By Bryce F. Payne Jr, Robert Ackley, A. Paige Wicker, Zacariah L. Hildenbrand, Doug D. Carlton Jr, Kevin A. Schug, Science of the Total Environment, December 13, 2016
From the DCS press release on this original, DCS funded, research:
A newly released original research study funded by grass roots environmental advocacy group Damascus Citizens for Sustainability (DCS) proves for the first time that compressors on gas transmission pipelines release emissions that spread downwind from their source in plumes of denser concentration. Residents living near these facilities have repeatedly reported such plumes and accompanying negative health effects, but until now their reports have been hard to confirm, as lax government regulations don’t require site measurements for permitted facilities — despite the fact that the permits (based solely on estimates from engineering models) allow such facilities to emit tons of pollutants into the air each year.
Characterization of Methane Plumes Downwind of Natural Gas Compressor Stations in Pennsylvania and New York
The extraction of unconventional oil and natural gas from shale energy reservoirs has raised concerns regarding upstream and midstream activities and their potential impacts on air quality. Here we present in situ measurements of ambient methane concentrations near multiple natural gas compressor stations in New York and Pennsylvania using cavity ring-down laser spectrometry coupled with global positioning system technology. These data reveal discernible methane plumes located proximally to compressor stations, which exhibit high variability in their methane emissions depending on the weather conditions and on-site activities. During atmospheric temperature inversions, when near-ground mixing of the atmosphere is limited or does not occur, residents and properties located within 1 mile of a compressor station can be exposed to rogue methane from these point sources. These data provide important insight into the characterization and potential for optimization of natural gas compressor station operations.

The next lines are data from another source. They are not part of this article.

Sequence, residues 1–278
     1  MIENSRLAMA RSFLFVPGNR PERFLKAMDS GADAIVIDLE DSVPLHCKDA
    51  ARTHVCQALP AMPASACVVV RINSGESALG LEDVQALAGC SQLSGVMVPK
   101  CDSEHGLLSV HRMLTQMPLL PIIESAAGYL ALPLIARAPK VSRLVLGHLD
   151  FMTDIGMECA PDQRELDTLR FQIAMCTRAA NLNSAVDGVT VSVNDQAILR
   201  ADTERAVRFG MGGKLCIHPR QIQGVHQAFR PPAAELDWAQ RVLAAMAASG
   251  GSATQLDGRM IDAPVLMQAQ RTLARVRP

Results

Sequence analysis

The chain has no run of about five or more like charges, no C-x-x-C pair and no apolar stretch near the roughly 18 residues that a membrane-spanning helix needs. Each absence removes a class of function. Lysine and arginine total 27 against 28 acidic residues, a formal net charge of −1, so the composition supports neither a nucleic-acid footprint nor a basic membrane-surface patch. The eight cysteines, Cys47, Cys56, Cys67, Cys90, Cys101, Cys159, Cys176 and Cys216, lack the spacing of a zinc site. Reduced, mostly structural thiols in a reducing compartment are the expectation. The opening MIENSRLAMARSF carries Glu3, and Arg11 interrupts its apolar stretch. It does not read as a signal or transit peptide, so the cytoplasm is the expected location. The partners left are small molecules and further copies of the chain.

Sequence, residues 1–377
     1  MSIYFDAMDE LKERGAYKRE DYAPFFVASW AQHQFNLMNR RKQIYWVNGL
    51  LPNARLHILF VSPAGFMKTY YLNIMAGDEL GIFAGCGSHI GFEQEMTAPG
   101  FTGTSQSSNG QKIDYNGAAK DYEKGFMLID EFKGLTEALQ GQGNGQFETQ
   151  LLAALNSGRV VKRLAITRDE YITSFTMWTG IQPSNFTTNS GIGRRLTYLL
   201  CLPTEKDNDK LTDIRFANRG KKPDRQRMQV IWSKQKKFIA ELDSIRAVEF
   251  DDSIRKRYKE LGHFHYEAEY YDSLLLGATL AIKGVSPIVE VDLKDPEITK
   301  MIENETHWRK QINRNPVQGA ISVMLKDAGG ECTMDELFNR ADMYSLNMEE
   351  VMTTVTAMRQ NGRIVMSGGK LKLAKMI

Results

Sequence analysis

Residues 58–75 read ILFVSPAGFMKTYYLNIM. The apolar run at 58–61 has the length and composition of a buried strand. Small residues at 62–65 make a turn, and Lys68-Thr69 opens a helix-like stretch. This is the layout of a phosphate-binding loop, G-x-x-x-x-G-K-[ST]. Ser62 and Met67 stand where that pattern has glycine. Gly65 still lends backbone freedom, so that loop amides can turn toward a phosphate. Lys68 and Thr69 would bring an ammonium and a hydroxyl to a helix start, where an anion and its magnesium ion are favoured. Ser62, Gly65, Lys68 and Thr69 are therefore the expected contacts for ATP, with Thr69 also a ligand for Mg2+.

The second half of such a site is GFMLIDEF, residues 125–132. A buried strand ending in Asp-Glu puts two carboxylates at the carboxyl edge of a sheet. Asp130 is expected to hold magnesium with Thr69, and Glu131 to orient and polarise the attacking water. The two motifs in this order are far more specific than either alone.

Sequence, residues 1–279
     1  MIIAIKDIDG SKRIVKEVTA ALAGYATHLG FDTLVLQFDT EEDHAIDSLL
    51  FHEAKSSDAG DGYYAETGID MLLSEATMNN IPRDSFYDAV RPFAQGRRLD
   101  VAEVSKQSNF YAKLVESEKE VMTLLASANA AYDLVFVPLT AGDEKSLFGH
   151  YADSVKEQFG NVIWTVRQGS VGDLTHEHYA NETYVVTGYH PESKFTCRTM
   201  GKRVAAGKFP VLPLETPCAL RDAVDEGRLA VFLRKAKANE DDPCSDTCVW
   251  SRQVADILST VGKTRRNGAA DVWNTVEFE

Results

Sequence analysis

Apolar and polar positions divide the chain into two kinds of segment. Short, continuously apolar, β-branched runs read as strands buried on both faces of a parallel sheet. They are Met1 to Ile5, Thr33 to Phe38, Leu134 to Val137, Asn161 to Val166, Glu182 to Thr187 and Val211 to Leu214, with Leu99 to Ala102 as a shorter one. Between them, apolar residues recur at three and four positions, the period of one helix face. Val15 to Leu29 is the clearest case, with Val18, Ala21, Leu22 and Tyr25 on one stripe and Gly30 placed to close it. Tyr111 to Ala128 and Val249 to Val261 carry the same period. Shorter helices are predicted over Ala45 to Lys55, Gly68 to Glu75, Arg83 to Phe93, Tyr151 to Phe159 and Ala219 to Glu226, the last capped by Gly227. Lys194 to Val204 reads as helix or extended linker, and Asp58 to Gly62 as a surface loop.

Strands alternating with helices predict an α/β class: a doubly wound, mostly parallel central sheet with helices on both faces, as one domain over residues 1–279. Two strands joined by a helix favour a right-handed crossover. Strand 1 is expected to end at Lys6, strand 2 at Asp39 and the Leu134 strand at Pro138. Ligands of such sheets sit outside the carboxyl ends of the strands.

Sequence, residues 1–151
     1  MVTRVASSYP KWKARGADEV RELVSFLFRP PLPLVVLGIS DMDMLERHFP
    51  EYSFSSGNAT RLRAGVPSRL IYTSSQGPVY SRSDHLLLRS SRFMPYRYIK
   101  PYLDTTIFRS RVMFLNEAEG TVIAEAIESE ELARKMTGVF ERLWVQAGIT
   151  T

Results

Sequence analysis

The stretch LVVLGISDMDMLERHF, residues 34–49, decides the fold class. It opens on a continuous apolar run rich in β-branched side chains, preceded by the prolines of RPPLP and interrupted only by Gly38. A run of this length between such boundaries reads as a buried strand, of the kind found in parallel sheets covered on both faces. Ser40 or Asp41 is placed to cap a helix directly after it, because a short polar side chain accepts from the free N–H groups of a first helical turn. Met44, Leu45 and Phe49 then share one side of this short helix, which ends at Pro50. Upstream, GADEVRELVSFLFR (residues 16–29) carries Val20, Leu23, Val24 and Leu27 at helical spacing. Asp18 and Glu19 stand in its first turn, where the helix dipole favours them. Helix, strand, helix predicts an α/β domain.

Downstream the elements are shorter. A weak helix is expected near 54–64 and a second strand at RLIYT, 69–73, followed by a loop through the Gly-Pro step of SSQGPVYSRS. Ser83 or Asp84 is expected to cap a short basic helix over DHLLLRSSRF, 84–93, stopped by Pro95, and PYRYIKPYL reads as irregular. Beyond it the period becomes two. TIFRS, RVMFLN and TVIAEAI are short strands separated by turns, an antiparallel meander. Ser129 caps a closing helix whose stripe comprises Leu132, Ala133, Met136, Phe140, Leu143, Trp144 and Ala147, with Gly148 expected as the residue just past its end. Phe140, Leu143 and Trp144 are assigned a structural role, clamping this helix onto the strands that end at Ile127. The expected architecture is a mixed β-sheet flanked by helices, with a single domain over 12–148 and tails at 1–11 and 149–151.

Our data indicate that compressor stations are likely sources of methane emissions and presumably co-emitted air contaminants, and can sporadically/episodically emit methane at relatively high levels. While these analyses provide significant insight into contamination events during specific periods in time, they are not sufficient to project how often high emissions occur, or to characterize basal emission rates. Nonetheless, these data provide an impetus for more thorough environmental investigations of natural gas infrastructure in general. It would seem appropriate, therefore, that if such facilities are to be permitted to release specified amounts of contaminants, those amounts should be actively measured and verified. Without measurement there can be no assurance that permit conditions are being met. Baseline measurements of methane emissions from compressor stations should be collected to better understand how midstream activities in the natural gas supply system contribute to overall anthropogenic emissions, while simultaneously aiding in the early detection of environmental contamination events, and guiding the subsequent improvement of natural gas infrastructure.